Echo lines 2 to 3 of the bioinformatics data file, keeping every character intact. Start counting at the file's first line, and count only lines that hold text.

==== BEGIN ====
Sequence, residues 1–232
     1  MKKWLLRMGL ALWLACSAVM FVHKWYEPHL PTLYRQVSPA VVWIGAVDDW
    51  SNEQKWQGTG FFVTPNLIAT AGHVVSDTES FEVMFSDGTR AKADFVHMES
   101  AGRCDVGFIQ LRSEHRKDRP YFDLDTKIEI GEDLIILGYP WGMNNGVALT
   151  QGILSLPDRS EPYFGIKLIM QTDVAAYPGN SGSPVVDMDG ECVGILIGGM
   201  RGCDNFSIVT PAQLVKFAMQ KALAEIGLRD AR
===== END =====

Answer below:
     1  MKKWLLRMGL ALWLACSAVM FVHKWYEPHL PTLYRQVSPA VVWIGAVDDW
    51  SNEQKWQGTG FFVTPNLIAT AGHVVSDTES FEVMFSDGTR AKADFVHMES